By Davenport Evans lawyer Vince Roche

Anyone who has traveled from east to west across South Dakota has seen the curious sign on the west side of the bridge where Interstate 90 crosses the Missouri River informing the traveler that he or she has now entered the “Livestock Ownership Inspection Area.”  More than a few kids over the years have asked their parents “what does that sign mean?” and the majority of those parents have answered back, “it beats me!!”

That’s a fine answer from the bedraggled parent driving a carload of kids to the Black Hills, but a South Dakota banker should at least have a passing knowledge of what it means under South Dakota law if an animal is branded.

Many years ago, the Legislature created the South Dakota State Brand Board.  Among other things, the Brand Board registers and maintains a book of brands issued to livestock producers in South Dakota.

What does it mean if an animal is branded?  Under South Dakota law, the presence of a registered brand is prima facie evidence that the owner of the brand is the owner of the animal.  Use of a brand that is not registered with the Brand Board is a criminal offense and, once registered, the owner of the brand enjoys the exclusive right to use of the brand in exchange for paying the initial fee and renewal fees.  The South Dakota Supreme Court has observed that South Dakota’s branding laws “consummate the usage of trade in the cattle industry.”

Some may labor under the misimpression that a brand is meaningless east of the Missouri River.  After all, why else would that sign be present on Interstate 90?  In reality, the only difference is that livestock may not be removed from the “livestock inspection area,” comprising all of South Dakota west of the Missouri River, without an inspection by the Brand Board.  That, however, does not mean that the presence of a brand east of the Missouri River is meaningless.  To the contrary, a registered brand on an animal anywhere in South Dakota is prima facie evidence of ownership.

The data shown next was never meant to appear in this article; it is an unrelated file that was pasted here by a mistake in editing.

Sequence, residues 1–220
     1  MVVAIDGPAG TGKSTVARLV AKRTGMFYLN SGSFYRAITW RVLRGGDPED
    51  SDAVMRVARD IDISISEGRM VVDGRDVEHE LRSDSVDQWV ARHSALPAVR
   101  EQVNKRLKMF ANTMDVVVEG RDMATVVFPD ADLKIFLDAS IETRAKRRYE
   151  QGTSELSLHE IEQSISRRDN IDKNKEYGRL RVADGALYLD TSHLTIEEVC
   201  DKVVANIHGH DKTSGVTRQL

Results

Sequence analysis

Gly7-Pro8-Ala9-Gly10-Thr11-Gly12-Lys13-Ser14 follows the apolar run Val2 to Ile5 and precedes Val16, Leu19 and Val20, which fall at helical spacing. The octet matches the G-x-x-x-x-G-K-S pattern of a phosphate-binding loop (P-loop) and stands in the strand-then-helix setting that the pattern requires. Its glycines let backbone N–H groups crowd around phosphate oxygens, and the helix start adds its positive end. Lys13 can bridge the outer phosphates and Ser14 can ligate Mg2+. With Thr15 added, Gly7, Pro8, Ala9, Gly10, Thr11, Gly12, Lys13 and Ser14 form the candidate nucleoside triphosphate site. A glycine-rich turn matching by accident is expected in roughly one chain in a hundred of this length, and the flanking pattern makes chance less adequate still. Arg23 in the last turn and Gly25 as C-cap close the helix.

Thus far, the seasoned banker may still be thinking “well, none of this matters to me because the Uniform Commercial Code trumps everything else.”  While it is true that the UCC sets forth a comprehensive scheme for resolving priority disputes among creditors, in many circumstances the UCC asks whether a party acted in good faith.  In the context of a livestock dispute, oftentimes that question will be resolved by whether a particular creditor was cognizant of the presence or absence of a brand on the livestock in question.  An astute banker who lends to livestock producers should know whether the customer has a registered brand, encourage the customer to brand his or her livestock and ask questions if an inspection reveals livestock with a different brand in the customer’s possession.

Davenport, Evans, Hurwitz & Smith, LLP, located in Sioux Falls, South Dakota, is one of the State’s largest law firms. The firm’s attorneys provide business and litigation counsel to individuals and corporate clients in a variety of practice areas. For more information about Davenport Evans, visit

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